Like any other major city, Berlin is fairly easy to navigate with the help of standard travel apps such as Google Maps. However, as I’ve learned from the last year of being based in Berlin, there are a quite a few apps that are more specific to the city that can make your life a lot easier. Below, you’ll find out how to manage your money, get around and even get food delivered when you’re lying in your hotel room with a hangover from last night.
Disclaimer: Wherever possible, I’ve included referral codes so that you get free credit (hooray!) to use at your leisure. There are also some affiliate links that help me with the running costs of this blog. Enjoy!
1Currency Exchange: TransferWise
Like most of the EU, Germany uses Euros. I’d highly recommend sorting yourself out with a international fee-free card before leaving home, but if you ever find yourself in need of Euros, check out TransferWise.
They offer the cheapest currency exchange rate on the market – much more so than your average bank. TransferWise even offers a “Borderless account”, a multi-currency virtual bank account from which you can receive and transfer funds in multiple currency. And it’s free. Use this link to sign up, and once you’re all done, you can also access your account from your iPhone or Android device.
2Online Banking in Berlin: N26
If you’re actually moving to Berlin and need a local bank account, check out N26. It’s the leading digital bank in Germany with easy setup, no fees, free ATM withdrawals, and everything is in both English and German. People typically don’t have much nice to say about banks, but N26 seems to be the exception – I’ve barely met anyone who doesn’t have an account.
Open your free German bank account with N26 by clicking here.
3Getting Around: Public Transport
While many Berliners spend a lot of time in their own local areas (called “Kiez”), the fact is that the city is quite spread out and you’ll often have to take public transport to get around. The official BVG FahrInfo Plus app (iOS/Android) is an easy way to buy tickets from your phone using a credit card, which saves you the hassle of stopping at ticket machines every time you get on the U-Bahn.
They can even show you the connections you need to take and give you updates if there are delays or any other issues getting around, although personally I prefer to use Google Maps.
4Taxis & Ride Sharing: BerlKönig, CleverShuttle, Uber
The often annoying thing about Berlin’s public transport system is that it’s rare that you get to your destination without any transfers, meaning a 15 minute bicycle ride might turn into 35 minutes on two trains and a bus. If you can’t be bothered waiting around, there’s a number of options available for you.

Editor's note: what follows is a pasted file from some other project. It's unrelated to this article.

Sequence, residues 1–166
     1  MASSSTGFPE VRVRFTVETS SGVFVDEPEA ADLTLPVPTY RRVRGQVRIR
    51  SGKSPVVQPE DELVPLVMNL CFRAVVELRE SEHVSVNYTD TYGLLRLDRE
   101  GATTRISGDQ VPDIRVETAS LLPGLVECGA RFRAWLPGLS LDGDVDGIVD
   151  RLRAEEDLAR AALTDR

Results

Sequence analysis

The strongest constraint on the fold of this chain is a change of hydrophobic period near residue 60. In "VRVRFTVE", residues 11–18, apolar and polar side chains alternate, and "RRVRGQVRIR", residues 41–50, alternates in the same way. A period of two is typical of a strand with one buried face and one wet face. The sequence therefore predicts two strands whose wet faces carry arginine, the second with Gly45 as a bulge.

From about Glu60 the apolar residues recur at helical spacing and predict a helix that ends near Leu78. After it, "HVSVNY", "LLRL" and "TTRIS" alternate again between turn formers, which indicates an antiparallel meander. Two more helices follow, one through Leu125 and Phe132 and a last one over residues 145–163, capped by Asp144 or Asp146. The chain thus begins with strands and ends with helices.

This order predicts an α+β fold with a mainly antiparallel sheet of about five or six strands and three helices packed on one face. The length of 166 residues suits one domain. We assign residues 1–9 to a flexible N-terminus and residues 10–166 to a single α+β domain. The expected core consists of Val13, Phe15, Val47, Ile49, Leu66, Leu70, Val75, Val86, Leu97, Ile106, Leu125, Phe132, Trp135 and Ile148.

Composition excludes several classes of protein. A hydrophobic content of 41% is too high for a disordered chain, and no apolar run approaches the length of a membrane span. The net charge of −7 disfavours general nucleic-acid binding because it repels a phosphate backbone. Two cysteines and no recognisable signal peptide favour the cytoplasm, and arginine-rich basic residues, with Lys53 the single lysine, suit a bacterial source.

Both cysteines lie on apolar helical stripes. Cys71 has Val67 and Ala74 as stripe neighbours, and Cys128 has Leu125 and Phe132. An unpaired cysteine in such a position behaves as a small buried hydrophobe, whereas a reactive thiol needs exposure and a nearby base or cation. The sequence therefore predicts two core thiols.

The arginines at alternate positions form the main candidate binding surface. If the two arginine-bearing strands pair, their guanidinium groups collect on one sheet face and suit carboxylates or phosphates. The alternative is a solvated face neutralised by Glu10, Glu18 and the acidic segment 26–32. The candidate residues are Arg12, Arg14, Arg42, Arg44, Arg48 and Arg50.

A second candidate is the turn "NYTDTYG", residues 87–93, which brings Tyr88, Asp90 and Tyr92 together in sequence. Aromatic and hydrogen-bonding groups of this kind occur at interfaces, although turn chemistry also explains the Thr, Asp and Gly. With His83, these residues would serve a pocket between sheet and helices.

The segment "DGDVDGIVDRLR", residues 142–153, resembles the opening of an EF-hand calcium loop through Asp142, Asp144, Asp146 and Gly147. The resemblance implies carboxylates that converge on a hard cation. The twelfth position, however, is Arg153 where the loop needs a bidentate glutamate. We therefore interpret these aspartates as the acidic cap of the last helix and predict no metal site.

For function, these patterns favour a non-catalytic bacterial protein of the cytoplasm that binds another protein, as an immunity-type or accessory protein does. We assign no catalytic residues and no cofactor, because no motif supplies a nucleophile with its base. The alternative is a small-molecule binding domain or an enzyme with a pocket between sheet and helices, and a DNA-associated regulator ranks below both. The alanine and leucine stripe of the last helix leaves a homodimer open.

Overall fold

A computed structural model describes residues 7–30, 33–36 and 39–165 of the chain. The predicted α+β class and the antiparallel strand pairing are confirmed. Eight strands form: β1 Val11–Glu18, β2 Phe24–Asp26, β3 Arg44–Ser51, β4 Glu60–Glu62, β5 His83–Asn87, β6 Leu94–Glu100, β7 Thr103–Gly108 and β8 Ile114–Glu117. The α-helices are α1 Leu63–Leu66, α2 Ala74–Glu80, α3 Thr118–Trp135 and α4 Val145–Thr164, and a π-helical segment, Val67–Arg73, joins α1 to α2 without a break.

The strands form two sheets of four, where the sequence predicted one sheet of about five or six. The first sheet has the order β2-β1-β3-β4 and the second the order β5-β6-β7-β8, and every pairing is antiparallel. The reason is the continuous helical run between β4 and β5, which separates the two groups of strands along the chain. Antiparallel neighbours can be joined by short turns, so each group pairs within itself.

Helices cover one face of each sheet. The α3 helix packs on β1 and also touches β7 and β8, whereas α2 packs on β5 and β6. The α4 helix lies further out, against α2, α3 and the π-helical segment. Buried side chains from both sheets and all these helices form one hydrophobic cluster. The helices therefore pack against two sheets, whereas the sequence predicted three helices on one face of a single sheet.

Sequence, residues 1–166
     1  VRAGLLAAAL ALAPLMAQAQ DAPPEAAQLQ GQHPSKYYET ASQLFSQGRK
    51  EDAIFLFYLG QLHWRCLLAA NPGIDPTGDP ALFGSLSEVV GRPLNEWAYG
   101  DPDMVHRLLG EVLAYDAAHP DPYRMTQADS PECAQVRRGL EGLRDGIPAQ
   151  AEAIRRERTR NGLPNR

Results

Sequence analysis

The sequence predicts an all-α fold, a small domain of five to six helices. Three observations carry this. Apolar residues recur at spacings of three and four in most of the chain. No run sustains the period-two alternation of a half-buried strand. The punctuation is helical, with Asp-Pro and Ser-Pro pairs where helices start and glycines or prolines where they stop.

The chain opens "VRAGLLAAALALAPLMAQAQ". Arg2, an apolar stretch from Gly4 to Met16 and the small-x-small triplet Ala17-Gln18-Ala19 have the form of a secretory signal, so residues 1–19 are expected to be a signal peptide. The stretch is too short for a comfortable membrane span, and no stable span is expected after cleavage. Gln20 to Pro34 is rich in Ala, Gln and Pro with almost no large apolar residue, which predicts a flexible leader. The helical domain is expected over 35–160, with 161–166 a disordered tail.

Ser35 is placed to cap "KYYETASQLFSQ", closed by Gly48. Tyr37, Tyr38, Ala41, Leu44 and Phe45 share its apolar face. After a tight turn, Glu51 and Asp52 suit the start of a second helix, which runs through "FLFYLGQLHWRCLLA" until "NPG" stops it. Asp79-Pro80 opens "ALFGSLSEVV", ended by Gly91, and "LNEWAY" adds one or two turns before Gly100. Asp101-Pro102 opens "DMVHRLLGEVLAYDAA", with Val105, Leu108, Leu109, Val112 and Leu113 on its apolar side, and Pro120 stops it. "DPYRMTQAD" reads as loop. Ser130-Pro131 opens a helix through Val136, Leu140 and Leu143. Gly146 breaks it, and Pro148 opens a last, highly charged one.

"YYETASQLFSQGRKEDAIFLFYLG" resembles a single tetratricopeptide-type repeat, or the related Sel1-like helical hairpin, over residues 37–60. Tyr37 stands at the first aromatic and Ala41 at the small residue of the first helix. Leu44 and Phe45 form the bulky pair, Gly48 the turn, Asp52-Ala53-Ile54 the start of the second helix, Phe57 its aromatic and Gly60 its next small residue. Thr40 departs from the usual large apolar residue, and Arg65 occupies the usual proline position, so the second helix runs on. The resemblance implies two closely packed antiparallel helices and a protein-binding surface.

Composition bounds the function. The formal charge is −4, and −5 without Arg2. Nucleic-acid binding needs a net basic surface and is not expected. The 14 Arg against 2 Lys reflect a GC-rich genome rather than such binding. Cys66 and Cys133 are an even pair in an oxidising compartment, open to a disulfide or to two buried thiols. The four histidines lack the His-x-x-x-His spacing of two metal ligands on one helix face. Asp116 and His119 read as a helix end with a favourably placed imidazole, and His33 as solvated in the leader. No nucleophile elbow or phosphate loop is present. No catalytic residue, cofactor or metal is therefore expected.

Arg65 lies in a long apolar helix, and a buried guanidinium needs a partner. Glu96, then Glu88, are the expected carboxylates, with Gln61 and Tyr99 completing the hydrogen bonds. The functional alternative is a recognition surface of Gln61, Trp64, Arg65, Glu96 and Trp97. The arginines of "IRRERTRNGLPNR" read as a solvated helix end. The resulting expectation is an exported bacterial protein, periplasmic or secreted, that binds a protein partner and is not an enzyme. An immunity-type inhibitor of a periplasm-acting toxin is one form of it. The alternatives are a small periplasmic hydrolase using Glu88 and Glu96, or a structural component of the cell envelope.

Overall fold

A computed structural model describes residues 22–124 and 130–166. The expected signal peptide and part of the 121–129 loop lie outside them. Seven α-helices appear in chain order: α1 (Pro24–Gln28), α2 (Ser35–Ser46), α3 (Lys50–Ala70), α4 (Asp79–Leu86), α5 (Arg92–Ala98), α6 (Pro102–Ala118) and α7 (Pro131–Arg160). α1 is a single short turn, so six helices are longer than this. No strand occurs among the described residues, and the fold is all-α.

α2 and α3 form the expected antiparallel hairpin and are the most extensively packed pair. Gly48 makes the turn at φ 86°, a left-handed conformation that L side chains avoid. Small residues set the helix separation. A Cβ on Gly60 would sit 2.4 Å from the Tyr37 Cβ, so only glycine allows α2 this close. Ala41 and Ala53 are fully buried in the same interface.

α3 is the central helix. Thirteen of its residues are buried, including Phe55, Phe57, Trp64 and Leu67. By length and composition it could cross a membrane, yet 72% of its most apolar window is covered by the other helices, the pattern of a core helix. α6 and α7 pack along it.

Note: almost all of the options below have referral codes, which means that you (and me) will get free or subsidised rides. Let’s share the love!
BerlKönig (iOS/Android) is a ride-sharing shuttle service operated by the BVG, first starting out as a replacement service for late-night travellers (Berlin’s public transport doesn’t run 24 hours) and now operating around the clock. It’s much cheaper than taking a taxi and if you use the code “chris7i3“, you’ll get €10 credit – which is usually enough for two rides! The catch is that you might pick up an extra passenger or two on the way to your destination, but it usually doesn’t take you too far out of your way. In fact, most times I’ve used Berlkönig, it’s basically been a private shuttle.
The other option is CleverShuttle (iOS/Android), an eco-friendly shuttle service that only operates electric and hydrogen-powered cars. It’s operates in a similar way to Berlkönig with the added bonus of being better for the environment, and you can get €10 credit here as well by using the code “p721ea“.
If you just want a direct trip, you can also use the Uber app (iOS/Android) as you would anywhere else – the catch is that Uber is technically banned in Germany, so you’ll be getting a taxi instead of a private car. Again, use the code “chrisl2739” to get $10 off your first ride. Alternatively, you can download MyTaxi (iOS/Android), but I haven’t really bothered since it effectively does the same thing as Uber in Germany – and the Berlkönig/CleverShuttle combination has served me so well!